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Lavrov: U.S. Didn't Ask Us To Coordinate With Assad Over IS


Syrian Foreign Minister Walid Muallem (left) and his Russian counterpart, Sergei Lavrov, give a joint press conference following their talks in Sochi on November 26.

Syrian Foreign Minister Walid Muallem (left) and his Russian counterpart, Sergei Lavrov, give a joint press conference following their talks in Sochi on November 26.

Russian Foreign Minister Sergei Lavrov has said the United States did not ask Moscow to facilitate contacts with the Assad government in Damascus regarding air strikes against the Islamic State (IS) group in Syria.

In an interview with Russia's RIA Novosti news agency on December 9, Lavrov said that Russia was "constantly urging [the United States] not to ignore the Syrian authorities in the fight against [IS], but in Washington they stubbornly continue to repeat that there is a 'fundamental impossibility' for the U.S. to even indirectly go for a 'legitimization' of the Bashar Assad government."

Moscow, Bashar al-Assad's strongest ally, has vehemently opposed the U.S.-led coalition's air strikes against IS and other Islamist factions in Syria, insisting that the United States and its allies should request permission from Syrian President Assad. Such a move would, of course, effectively legitimize the Assad government. However, the United States has refused to deal with Assad, saying that he must step down from power.

In his December 9 interview, Lavrov accused Washington of "demonizing" Assad. The United States is "reserving for itself the right to use force in any place, at any time, unilaterally," he added.

The Russian foreign minister added that he did not think there was any need for Moscow to mediate between Damascus and Washington, noting that "in the period of the sharp escalation of the situation in Syria in August 2013, U.S. Secretary of State John Kerry called Syrian Foreign Minister Walid Muallem directly. There are other possibilities for direct contact."

Lavrov was referring to the August 2013 chemical-weapons attacks in the Damascus suburbs. While Russia (and of course the Assad government) claimed that the Syrian armed opposition likely carried out the attacks, the United States and its Western allies said that Assad was responsible.

Damascus has -- unsurprisingly -- taken the same line as its ally Moscow over the U.S.-led coalition against IS militants in Syria. In many ways, Lavrov's RIA Novosti interview can be read as the latest move in an intensifying diplomatic offensive by Moscow to gain ground for its strategy on Syria.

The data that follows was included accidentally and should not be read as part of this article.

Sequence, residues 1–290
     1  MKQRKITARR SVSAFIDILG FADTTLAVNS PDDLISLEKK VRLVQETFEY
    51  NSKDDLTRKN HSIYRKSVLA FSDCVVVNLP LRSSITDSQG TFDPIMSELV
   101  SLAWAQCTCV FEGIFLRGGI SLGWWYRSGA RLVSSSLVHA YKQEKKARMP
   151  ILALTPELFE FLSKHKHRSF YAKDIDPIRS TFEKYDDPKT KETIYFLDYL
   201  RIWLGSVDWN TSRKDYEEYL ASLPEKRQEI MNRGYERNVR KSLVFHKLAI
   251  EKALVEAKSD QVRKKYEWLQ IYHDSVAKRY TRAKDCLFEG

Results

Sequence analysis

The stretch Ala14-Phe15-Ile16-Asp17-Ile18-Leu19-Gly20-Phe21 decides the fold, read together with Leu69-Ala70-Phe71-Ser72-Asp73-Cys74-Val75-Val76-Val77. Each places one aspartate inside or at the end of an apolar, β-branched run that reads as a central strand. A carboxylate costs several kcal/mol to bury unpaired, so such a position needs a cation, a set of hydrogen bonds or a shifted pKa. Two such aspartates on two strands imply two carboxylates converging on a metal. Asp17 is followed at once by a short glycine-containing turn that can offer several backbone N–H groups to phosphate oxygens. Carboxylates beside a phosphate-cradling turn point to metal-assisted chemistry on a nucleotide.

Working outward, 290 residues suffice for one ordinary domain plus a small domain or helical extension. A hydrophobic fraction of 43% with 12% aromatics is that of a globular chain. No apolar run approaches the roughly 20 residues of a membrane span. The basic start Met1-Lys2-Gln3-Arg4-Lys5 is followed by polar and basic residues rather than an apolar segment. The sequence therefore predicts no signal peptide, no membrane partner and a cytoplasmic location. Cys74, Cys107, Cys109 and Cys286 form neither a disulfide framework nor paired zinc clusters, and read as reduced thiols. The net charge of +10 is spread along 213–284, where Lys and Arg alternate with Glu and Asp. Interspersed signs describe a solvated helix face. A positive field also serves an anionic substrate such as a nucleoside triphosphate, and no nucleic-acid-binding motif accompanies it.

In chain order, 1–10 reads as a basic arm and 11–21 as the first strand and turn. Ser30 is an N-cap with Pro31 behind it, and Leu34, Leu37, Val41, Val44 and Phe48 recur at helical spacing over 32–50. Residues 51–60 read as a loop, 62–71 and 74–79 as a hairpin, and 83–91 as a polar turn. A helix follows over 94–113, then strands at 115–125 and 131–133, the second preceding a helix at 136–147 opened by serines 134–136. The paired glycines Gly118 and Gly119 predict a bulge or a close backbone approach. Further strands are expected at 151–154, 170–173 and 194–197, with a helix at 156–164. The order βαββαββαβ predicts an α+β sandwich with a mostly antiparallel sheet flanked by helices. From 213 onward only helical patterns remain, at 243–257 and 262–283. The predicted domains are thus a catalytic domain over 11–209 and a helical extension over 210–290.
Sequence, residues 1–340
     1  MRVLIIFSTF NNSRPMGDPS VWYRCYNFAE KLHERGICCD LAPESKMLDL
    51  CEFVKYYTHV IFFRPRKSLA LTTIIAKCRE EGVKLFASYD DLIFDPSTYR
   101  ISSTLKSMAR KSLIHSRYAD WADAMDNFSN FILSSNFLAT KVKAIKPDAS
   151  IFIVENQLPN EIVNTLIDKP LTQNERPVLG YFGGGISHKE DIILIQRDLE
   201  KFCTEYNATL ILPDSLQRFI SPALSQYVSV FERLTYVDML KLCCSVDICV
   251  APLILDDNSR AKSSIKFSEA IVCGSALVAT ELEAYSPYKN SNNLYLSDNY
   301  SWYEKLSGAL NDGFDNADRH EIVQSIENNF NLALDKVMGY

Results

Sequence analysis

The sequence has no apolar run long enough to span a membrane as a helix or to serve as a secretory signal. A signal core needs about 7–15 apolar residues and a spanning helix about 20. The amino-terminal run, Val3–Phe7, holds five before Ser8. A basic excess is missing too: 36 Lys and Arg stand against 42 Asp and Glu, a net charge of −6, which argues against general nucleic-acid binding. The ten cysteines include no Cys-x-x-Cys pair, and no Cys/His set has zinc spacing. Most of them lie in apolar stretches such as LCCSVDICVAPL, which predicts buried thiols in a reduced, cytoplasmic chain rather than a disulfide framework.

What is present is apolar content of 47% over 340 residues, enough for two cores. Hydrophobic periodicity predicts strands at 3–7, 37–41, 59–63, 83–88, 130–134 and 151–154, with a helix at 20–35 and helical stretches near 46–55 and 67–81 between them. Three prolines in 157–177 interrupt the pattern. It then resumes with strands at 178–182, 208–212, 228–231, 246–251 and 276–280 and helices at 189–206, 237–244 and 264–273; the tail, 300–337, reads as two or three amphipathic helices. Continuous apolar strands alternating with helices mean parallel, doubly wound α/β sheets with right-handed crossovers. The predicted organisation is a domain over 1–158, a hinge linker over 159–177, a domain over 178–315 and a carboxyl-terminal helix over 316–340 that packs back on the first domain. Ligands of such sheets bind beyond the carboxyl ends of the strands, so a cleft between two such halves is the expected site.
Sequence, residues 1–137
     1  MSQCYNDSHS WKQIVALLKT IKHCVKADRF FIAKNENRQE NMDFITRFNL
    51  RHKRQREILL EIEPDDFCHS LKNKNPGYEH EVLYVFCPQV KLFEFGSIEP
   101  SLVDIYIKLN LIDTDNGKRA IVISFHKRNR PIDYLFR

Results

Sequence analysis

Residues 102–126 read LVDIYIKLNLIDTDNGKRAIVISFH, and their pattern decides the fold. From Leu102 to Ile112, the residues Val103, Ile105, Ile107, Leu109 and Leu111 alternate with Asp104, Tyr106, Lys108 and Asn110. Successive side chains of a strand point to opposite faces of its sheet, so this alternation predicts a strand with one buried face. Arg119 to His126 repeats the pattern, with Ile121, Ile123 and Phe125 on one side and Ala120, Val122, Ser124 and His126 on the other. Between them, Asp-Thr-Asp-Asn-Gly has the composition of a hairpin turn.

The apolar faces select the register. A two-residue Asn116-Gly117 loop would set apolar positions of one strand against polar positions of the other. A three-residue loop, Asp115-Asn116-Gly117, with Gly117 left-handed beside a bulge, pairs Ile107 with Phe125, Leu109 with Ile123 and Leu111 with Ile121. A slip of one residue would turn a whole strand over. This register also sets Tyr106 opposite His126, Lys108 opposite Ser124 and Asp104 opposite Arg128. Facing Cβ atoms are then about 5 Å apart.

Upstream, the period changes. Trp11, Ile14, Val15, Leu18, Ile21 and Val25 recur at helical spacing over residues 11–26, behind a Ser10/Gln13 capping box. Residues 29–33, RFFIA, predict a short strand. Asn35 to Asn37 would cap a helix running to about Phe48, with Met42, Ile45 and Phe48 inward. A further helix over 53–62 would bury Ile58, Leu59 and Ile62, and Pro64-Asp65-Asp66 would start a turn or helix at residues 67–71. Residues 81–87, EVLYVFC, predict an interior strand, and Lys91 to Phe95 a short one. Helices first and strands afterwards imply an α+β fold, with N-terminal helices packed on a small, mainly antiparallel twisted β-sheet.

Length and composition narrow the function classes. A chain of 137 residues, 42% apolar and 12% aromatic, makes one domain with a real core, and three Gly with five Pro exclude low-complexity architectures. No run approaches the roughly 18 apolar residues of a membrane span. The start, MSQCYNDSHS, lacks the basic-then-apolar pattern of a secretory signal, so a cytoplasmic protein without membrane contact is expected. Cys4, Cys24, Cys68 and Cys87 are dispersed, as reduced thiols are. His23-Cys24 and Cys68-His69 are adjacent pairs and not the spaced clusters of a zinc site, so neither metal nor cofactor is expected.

On December 3, Assad played his role in that diplomatic offensive, giving an interview to French magazine "Paris Match." In that interview, he insisted that the U.S.-led coalition against IS was "an illegal intervention, first because it is not authorized by a Security Council resolution, and second because it did not respect the sovereignty of a state."

Assad also said that air strikes by the U.S.-led coalition against IS were "merely cosmetic."

"Terrorism cannot be destroyed from the air, and you cannot achieve results on the ground without land forces who know the geographical details of the regions and move in tandem with the air strikes. That's why, and after two months of the alliance's air strikes, there are no tangible results on the ground in that direction," Assad told "Paris Match."

Assad's "Paris Match" interview came hot on the heels of comments made by Syrian Foreign Minister Muallem to the Beirut-based Al-Mayadeen TV. Muallem said that U.S.-led strikes against Islamic State in Syria had failed to weaken the extremist group.

The ultimate goal of Moscow and Damascus is renewed peace talks on Syria.

Muallem met Russian President Vladimir Putin in Russia's Black Sea resort of Sochi on November 26, as part of Moscow's renewed diplomatic push to restart the stalled peace talks on Syria. A senior Syrian official said prior to that meeting that Muallem and Putin would discuss the "relaunch of negotiations."

The last round of talks in Switzerland in February broke down over the issue of Assad's future role.

Lavrov has also backed calls by the UN's special envoy on Syria, Staffan de Mistura, for a "freeze zone" in Aleppo, whereby fighting would cease so that humanitarian aid could be delivered to civilians.

Damascus and Moscow put forward a proposal for a cease-fire plan in Aleppo in January, ahead of the peace talks, when Syria asked Lavrov to "make necessary arrangements to guarantee its implementation and specify the zero hour for military operations to cease." Damascus claimed that the proposal, which was never implemented, was a direct response to a suggestion by U.S. Secretary of State Kerry for a localized cease-fire in Aleppo.

-- Joanna Paraszczuk

About This Blog

"Under The Black Flag" provides news, opinion, and analysis about the impact of the Islamic State (IS) extremist group in Syria, Iraq, and beyond. It focuses not only on the fight against terrorist groups in the Middle East, but also on the implications for the region and the world. The blog's primary author, James Miller, closely covered the first three years of the Arab Spring, with a focus on Syria, and is now the managing editor of The Interpreter, where he covers Russia's foreign and domestic policy and the Kremlin's wars in Syria and Ukraine. Follow him on Twitter: @Millermena

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